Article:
This 1200 square foot apartment becomes cavernous. A wall is empty where the bookcase used to be; the books already packed and lining the walls where they wait to be joined by boxes of clothes and shoes. The sofa has been gone for a week. This Friday, the empty spaces will become larger: the washer, the fridge, the dining room table, the big desk and the two papasan rockers will be gone. The side effects of divestiture have begun to set in. The idea of not having things is liberating; however, the actualities are life-altering.
Life without a fridge, for example, makes me rely on others to feed me. Life without a washer means I have to hand-wash everything. Life without a dining table means we eat at the coffee table seated in our beach chairs. An old table that I found abandoned somewhere will hold my computer and my printer. The clothes in the closet will almost all be packed up by the end of tomorrow. The next two weeks in this apartment will be Spartan. We are hoping against hope that the guy who bought our bed doesn’t come a-knocking anytime soon; I sold the floor mats long ago.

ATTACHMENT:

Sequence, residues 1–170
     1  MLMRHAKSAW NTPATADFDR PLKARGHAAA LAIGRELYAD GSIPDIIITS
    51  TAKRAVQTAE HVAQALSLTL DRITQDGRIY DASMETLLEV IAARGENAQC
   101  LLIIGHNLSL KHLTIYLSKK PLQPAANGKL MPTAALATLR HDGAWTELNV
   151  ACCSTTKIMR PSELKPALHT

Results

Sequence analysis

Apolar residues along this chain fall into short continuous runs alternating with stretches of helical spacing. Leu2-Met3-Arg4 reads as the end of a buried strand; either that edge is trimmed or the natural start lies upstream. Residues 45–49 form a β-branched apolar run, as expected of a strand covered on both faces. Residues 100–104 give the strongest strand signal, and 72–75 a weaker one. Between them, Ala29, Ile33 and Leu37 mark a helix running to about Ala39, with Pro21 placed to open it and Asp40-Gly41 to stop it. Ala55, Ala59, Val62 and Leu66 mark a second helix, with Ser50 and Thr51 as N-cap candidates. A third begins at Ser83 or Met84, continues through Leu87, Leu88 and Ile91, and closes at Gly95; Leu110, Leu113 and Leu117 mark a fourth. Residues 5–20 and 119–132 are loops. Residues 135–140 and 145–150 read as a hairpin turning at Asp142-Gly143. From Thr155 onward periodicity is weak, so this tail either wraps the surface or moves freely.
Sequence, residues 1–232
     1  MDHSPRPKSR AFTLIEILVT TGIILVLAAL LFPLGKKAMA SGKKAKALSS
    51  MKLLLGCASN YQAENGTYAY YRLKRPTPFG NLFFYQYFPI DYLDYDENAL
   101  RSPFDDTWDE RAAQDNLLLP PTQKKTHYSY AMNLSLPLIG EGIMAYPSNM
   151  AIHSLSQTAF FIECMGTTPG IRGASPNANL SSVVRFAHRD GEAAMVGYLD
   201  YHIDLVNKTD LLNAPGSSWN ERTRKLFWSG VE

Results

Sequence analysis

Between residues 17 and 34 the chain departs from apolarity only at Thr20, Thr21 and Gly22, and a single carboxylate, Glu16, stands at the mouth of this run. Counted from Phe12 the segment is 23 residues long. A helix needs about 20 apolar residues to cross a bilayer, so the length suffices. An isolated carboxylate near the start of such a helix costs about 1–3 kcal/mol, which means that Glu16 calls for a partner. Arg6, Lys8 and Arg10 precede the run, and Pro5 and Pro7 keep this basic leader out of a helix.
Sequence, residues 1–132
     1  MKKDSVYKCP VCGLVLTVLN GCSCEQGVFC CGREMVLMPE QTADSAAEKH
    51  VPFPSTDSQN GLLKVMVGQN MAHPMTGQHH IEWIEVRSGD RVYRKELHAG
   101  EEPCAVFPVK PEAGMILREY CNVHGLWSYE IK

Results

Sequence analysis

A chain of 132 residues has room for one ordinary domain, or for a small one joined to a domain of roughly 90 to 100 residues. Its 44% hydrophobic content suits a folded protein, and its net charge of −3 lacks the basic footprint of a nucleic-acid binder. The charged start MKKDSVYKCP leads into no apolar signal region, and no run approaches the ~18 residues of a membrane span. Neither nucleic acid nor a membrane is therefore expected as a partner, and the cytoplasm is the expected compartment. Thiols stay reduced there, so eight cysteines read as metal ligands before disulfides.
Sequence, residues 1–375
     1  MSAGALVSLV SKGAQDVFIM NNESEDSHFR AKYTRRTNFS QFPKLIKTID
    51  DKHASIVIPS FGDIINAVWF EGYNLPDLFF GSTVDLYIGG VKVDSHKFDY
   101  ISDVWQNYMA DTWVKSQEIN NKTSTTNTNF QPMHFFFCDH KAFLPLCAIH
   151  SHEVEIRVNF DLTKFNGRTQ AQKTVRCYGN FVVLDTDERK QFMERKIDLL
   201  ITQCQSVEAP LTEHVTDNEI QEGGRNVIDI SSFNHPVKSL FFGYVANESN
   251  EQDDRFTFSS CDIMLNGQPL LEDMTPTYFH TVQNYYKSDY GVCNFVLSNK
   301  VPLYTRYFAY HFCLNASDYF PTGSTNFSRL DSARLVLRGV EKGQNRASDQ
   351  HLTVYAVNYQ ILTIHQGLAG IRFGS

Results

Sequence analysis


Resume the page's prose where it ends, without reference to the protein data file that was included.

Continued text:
I will approach this as a training session for living out of my bag. For instance, there is no hurry to send my clothes home, but I’ll soon start wearing virtually the same two sets of clothes. Also, I’ll wane myself off of home cooked meals, at least the ones that produce leftovers that need refrigeration. By the same token, I need to take more steps to wane myself off the internet. The compulsive checking of sites is the result of nerves, boredom and planning; certainly, I am trying to get enough face time with my family before I resort to the one-way correspondence.
Nic will join me in some of these endeavors; however, I see that she is dealing with the trauma induced by the current deletion of stuff project by spending the entire morning filling out our wedding registry, filling the spaces in our phantom house/apartment in some unknown city in Anywhere, USA. Emptying this house and trying to fill a fictitious one are stark reminders of the many variables that remain ahead of us in this year.
I love her for all the work she puts into this because, as is fairly typical of the male race, I hate shopping; I hate it even more when the options are seemingly endless in the infinitude of cyberspace. This morning, she made it easier for me by showing me the options for salt and pepper grinders, chef’s knives and crock pots. Now, she’s researching TVs, and I soon have to weigh in on the options she’ll give me. LCD? LED? Plasma? LG? Samsung? Toshiba? Hell, I don’t know; I’ve not owned a TV in six years.